While we are awake, our brain cells are slowly accumulating DNA damage that can accumulate to unsafe levels and lead to problems.
However, every night we are granted a reprieve as the machinery of the cells perform vital maintenance work to fix issues that have accumulated during the day.
The new work, which examined brain cells in fish, helps solve the long-standing mystery of why sleep is so crucial that we spend a third of our existence doing it.
All animals with nervous systems, even the simplest creatures like jellyfish and worms, enter sleep-like states at regular intervals.
But while sleep deprivation is harmful to cognitive performance and can even be fatal, understanding why rest is necessary at a cellular level has proved elusive to scientists.
To understand this complicated question, Professor Lior Appelbaum of Bar-Ilan University managed to take time-lapsed images of individual neurons in the brains of living zebrafish.
They showed that in a process not seen in other cells, natural repair processes in neurons go into overdrive during sleep, repairing harmful breaks that build up in their genetic code.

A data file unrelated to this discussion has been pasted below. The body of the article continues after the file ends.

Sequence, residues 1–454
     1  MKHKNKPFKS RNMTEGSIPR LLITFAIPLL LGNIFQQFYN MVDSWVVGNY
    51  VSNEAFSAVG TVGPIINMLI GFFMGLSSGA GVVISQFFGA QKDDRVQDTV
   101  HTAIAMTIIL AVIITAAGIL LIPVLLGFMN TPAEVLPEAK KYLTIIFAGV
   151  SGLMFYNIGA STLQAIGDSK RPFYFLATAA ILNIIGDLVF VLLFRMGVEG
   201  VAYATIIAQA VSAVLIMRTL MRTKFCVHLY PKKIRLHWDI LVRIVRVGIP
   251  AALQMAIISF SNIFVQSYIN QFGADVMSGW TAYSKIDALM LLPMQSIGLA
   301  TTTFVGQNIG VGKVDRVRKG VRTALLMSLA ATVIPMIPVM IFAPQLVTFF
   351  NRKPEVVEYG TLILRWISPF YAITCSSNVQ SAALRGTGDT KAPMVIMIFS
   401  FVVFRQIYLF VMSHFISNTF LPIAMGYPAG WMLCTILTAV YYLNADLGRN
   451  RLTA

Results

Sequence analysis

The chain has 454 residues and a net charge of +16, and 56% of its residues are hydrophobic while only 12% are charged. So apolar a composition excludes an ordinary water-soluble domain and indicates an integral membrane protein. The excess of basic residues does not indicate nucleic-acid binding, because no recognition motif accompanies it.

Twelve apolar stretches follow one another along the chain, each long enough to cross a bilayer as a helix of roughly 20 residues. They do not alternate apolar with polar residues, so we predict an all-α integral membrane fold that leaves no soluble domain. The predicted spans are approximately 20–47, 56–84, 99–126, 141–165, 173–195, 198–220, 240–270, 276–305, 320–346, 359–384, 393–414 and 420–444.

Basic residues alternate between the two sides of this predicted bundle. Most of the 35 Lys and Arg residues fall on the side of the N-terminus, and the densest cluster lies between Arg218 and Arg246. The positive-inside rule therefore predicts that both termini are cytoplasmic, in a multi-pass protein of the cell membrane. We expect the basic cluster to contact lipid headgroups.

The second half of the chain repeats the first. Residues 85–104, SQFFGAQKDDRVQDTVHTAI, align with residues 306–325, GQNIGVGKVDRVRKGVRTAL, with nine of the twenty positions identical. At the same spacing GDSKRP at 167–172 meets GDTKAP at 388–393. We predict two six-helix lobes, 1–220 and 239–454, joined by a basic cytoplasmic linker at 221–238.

Double-strand breaks – when both parts of the DNA’s double helix are severed – appear regularly in cells, and can cause them to die or mutate.
Unfortunately, besides obviously harmful things like radiation exposure, normal brain activity can also lead to these breaks as part of natural wear and tear.
Professor Appelbaum called this damage “the price of wakefulness”, but said fortunately sleep provides a solution as the cells’ maintenance processes kick in.
“It’s like potholes in the road,” the neurologist explained.
“Roads accumulate wear and tear, especially during daytime rush hours, and it is most convenient and efficient to fix them at night, when there is light traffic.”
In their study, published in the journal Nature Communications, the scientists made use of the transparent heads of young zebrafish to provide a window into the tiny processes in their brains.
A powerful microscope revealed the creatures’ DNA springing into action at night, and the researchers suggested this movement could serve as the first reliable indicator of sleep that is not based on monitoring animal behaviour.
Though much smaller than humans, the scientists said the processes in the fishes' brains served as a reminder of the restorative function of sleep, even down to a cellular level.
Register for free to continue reading
Registration is a free and easy way to support our truly independent journalism
By registering, you will also enjoy limited access to Premium articles, exclusive newsletters, commenting, and virtual events with our leading journalists
Already have an account? sign in
Join our new commenting forum
Join thought-provoking conversations, follow other Independent readers and see their replies